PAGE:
Home » Articles » Case » Freedom of Assembly » Coates v. City of Cincinnati (1971)

Written by David L. Hudson Jr., published on January 1, 2009 , last updated on May 5, 2024

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The Supreme Court ruled that a Cincinnati ordinance that made it a crime for three or more persons to gather on a public street and engage in annoying conduct was unconstitutionally vague and overbroad, and invalidated it in Coates v. City of Cincinnati. (Photo via Flickr by Paul Sableman of a no loitering sign in St. Louis, CC BY 2.0.)

In Coates v. City of Cincinnati, 402 U.S. 611 (1971), the Supreme Court invalidated a city law against loitering that negatively affected freedom of assembly.


Coates charged with gathering and engaging in annoying conduct


Cincinnati officials charged several individuals, including Coates, a college student, with violating an ordinance making it a crime for three or more persons to gather on a public street and engage in annoying conduct.


A state court convicted the individuals, and the state supreme court affirmed, noting that “the word ‘annoying’ is a widely used and well understood word.” Coates contended that the law violated due process and the First Amendment because it was too vague and infringed on the freedoms of assembly and association.


The Supreme Court struck down the ordinance in a 6-3 vote.


Court said ordinance against “annoying conduct” violated First Amendment


Justice Potter Stewart, who authored the majority opinion, agreed that the law violated due process, noting that “this ordinance is unconstitutionally vague because it subjects the exercise of the right of assembly to an unascertainable standard, and [is] unconstitutionally broad because it authorizes the punishment of constitutionally protected conduct.”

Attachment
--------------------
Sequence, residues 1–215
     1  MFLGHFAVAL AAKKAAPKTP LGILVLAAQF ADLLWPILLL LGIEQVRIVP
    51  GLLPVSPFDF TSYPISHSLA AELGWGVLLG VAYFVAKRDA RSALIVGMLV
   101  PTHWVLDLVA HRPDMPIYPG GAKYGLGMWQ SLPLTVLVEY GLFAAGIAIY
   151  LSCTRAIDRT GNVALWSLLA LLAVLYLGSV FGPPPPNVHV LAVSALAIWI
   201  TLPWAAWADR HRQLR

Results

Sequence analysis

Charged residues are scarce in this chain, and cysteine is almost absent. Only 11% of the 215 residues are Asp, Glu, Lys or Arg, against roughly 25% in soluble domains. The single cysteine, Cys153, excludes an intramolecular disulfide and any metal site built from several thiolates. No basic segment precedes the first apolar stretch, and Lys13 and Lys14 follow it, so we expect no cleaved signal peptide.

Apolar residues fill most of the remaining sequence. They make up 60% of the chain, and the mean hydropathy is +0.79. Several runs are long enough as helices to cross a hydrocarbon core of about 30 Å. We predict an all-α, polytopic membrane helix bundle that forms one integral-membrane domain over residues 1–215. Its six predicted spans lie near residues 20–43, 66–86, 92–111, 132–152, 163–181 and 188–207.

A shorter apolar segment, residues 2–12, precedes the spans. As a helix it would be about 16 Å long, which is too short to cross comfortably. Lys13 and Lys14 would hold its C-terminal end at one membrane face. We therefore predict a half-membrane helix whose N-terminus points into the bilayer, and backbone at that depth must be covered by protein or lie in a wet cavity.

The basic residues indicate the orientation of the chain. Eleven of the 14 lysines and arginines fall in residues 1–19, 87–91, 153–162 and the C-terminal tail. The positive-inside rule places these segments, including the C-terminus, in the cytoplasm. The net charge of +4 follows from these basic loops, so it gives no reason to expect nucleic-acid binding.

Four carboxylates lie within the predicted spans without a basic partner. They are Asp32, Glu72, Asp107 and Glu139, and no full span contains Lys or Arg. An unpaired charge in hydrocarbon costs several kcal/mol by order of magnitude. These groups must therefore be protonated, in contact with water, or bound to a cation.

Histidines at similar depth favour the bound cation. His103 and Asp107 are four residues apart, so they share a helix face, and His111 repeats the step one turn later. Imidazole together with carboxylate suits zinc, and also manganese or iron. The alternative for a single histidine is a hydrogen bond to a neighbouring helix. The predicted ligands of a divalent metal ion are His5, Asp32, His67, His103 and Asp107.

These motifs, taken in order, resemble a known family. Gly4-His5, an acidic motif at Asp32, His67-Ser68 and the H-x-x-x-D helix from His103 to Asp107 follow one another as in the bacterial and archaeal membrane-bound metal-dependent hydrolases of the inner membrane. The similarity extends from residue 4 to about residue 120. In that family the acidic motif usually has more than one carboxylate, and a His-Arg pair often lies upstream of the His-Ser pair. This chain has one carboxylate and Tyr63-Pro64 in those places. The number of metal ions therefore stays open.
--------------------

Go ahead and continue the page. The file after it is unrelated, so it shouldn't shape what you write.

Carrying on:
According to Stewart, “conduct that annoys some people does not annoy others.” He also reasoned that the ordinance violated the First Amendment rights to freedom of assembly and association, warning that city officials could silence First Amendment expressive activities by classifying them as annoying.


Justice Hugo L. Black filed a separate opinion, arguing that the Court should vacate the convictions but send the case back to the state court to supplement the record to establish what type of conduct was allegedly annoying.


Justice Byron R. White dissented, finding that the Court went too far in invalidating the ordinance on its face. “Any man of average comprehension should know that some kinds of conduct, such as assault or blocking passage on the street, will annoy others and are clearly covered by the ‘annoying conduct’ standard of the ordinance,” he wrote.


David L. Hudson, Jr. is a law professor at Belmont who publishes widely on First Amendment topics.  He is the author of a 12-lecture audio course on the First Amendment entitled Freedom of Speech: Understanding the First Amendment (Now You Know Media, 2018).  He also is the author of many First Amendment books, including The First Amendment: Freedom of Speech (Thomson Reuters, 2012) and Freedom of Speech: Documents Decoded (ABC-CLIO, 2017). This article was originally published in 2009.​


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